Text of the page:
From Iran, Solidarity With American Women

For almost two weeks, protests have been raging across Iran, triggered by the death of 22-year-old Mahsa Amini, who was in custody of the morality police at the time of her death. Her alleged crime was not abiding by the country’s hijab rules.

Iranian human rights lawyer and long-time friend of Ms. magazine, Nasrin Sotoudeh has spent her career fighting for the rights of women and minorities in the Middle East. In a letter to Ms., Sotoudeh connected what’s happening with Iran to the global fight for women’s rights.

Women Saving Democracy: A Secretaries of State Explainer

Ever since the overturn of Roe v. Wade in June, the national gaze has shifted towards state-level leadership.

The secretary of state is vital to the effective functioning of state government. Responsibilities of the secretary of state vary but, overall, administering election law is one of their most pertinent duties. Only 22 percent of our nation’s secretaries of state are women. In 2022, 27 states are holding elections for the position of secretary of state.

In 1953, ‘Queen-Crazy’ American Women Looked to Queen Elizabeth II as a Source of Inspiration

For many American women, at a time when women were expected to conform to traditional roles of a housewife and homemaker, Queen Elizabeth II was ascending the throne of a powerful country. In the words of one psychologist interviewed for a 1953 Los Angeles Times article, for the first time “the women of America have found a heroine who makes them feel superior to men.”

When Women Were King

The Woman King, a new film starring Viola Davis, reclaims the narrative of the fiercely resistant African “Amazons.”

“My hope is that young African-descended girls and women see themselves in these powerful women. I hope they too will aspire for greatness.”

Cowgirl Boots, Anxious Nights: Transgender Youth and Families Fight Hostile Legislation and Sky-High Suicide Rates

In states around the U.S., families of transgender youth are battling anti-trans legislation blocking life-saving healthcare and transphobic ideas that permeate into their families and schools, and terrifying mental health statistics of trans youth who do not receive care.

Families share how they’re building safe and affirming homes for their children amidst such barriers.

With SisterMentors, Dr. Shireen Lewis Is Building a Fierce Future for Women and Girls of Color in Education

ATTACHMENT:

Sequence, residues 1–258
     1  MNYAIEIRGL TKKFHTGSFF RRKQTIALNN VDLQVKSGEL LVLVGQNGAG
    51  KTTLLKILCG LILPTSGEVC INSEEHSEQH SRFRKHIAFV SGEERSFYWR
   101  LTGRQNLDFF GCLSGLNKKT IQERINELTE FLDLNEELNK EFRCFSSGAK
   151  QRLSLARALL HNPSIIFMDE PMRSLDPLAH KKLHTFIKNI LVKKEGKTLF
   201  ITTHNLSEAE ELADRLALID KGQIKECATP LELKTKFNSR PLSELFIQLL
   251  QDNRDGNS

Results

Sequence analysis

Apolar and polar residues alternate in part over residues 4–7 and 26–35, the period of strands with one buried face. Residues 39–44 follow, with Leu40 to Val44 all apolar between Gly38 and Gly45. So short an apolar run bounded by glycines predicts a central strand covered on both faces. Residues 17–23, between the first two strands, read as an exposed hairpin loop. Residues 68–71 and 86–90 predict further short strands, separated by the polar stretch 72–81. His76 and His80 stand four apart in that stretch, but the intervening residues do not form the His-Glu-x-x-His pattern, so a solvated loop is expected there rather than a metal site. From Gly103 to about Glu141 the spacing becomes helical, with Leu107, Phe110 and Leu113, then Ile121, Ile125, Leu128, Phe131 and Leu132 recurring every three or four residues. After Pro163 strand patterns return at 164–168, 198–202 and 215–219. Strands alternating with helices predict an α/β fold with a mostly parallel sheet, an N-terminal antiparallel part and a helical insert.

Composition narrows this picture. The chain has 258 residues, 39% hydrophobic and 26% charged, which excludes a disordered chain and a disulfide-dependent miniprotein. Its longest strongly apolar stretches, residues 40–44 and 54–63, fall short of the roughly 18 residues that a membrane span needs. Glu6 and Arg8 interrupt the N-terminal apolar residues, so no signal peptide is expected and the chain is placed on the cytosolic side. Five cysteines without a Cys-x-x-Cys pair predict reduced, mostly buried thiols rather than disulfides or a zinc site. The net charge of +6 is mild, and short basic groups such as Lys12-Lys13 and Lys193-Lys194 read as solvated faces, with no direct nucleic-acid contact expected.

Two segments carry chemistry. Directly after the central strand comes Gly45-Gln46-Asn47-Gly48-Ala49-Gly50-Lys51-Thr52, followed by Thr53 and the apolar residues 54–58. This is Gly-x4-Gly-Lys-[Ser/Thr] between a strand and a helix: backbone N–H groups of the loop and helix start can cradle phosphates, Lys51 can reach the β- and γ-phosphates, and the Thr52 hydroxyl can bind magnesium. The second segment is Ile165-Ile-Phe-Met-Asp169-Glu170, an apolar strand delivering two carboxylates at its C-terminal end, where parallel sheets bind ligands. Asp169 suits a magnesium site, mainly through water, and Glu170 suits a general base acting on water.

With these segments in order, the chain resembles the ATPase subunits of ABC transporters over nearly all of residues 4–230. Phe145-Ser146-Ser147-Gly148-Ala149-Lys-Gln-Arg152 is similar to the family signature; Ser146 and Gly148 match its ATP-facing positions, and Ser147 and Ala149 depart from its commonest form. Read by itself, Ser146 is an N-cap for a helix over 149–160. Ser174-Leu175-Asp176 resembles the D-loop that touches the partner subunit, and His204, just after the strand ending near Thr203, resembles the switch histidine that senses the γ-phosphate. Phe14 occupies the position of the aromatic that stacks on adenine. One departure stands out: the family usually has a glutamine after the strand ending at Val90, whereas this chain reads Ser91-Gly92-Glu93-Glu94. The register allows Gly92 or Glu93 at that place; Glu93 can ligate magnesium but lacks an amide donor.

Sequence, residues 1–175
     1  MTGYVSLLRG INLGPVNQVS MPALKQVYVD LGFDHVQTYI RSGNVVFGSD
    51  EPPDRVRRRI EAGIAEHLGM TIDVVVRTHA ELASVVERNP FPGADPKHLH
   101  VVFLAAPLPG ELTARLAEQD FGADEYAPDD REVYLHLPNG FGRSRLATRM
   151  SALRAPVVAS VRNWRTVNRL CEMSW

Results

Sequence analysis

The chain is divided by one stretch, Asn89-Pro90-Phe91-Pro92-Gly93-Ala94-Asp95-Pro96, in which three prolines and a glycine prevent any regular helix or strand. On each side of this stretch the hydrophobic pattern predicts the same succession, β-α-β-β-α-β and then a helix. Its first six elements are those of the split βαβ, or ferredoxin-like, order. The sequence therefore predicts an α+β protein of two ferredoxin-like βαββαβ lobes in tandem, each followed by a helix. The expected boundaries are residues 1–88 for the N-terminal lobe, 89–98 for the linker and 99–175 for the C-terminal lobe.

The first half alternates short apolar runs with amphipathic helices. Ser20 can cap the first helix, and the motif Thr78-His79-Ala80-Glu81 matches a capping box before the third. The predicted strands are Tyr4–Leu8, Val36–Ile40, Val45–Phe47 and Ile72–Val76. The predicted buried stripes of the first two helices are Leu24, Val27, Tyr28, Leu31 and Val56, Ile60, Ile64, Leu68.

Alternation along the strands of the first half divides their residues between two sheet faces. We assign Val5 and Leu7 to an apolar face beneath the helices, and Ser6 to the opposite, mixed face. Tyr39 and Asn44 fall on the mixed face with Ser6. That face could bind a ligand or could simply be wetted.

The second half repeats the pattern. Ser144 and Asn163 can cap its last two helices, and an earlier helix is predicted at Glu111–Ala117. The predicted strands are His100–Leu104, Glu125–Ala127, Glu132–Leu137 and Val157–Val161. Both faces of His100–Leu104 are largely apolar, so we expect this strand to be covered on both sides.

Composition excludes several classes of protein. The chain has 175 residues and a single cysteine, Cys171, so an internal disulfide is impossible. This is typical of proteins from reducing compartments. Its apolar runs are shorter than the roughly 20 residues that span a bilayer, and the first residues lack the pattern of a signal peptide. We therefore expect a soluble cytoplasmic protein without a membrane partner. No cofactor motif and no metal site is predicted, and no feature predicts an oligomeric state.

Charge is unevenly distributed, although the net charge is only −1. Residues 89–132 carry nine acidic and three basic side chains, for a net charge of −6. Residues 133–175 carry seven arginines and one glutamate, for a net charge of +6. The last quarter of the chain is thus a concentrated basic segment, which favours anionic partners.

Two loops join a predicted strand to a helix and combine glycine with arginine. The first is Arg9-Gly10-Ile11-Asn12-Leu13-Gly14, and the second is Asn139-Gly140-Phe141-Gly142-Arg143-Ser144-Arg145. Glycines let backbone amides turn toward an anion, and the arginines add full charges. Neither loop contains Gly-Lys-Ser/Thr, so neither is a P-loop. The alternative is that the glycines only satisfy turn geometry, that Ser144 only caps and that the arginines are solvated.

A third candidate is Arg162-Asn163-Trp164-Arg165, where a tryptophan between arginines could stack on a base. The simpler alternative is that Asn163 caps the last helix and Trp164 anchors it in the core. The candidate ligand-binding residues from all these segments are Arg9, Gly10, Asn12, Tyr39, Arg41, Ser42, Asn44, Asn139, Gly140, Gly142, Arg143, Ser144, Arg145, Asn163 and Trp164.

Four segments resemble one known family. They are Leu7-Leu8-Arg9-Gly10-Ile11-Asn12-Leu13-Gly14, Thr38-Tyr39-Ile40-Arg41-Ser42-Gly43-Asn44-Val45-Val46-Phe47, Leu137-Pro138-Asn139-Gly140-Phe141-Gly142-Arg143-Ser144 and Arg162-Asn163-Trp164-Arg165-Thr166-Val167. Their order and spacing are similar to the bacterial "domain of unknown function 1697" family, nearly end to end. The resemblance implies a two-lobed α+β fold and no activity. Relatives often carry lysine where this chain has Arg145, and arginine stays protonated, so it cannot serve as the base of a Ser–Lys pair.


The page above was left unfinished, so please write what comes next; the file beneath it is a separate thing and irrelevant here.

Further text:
Two decades ago, Ms. had the honor of interviewing the founder of SisterMentors, Dr. Shireen Lewis, in its Summer 2000 issue—and here we are again, just as SisterMentors celebrates its 25th anniversary.

Lewis has dedicated her entire professional life to creating and growing SisterMentors, a nonprofit organization that helps women and girls of color in the education system. Through her work, she is empowering young women and girls of color to overcome deep-seated institutional inequities in the education system.

“I see Black and Brown women and girls as having a major role to play in helping to save the world. And we’re not just talking academia, but leaders in the public and the private sector.”

The State of State Equal Rights Amendments: A National Roundup

In the United States, the fight for a federal Equal Rights Amendment has been a century in the making. Meanwhile, state-level equivalents abound—some as comprehensive provisions of state constitutions that guarantee equal rights regardless of an individual’s gender, and others as provisions that prohibit gender-based discrimination in specific circumstances.

View a comprehensive summary of the protections afforded in the 50 states.

COVID Revealed the U.S.’s Long-Time Misogyny and Lack of Respect for Teachers

Early on in the pandemic, when little was known about the virus and no vaccine yet existed to thwart it, some “essential workers”—those in healthcare—received applause daily for their heroic efforts to staunch the bleeding. But one group, made up primarily of women, was on the receiving end of bitter acrimony and blame for allegedly aggravating the problems caused by the pandemic: teachers.

Those who work in education were blamed for failing to do what other essential workers were doing and stay on the job, no matter the personal cost.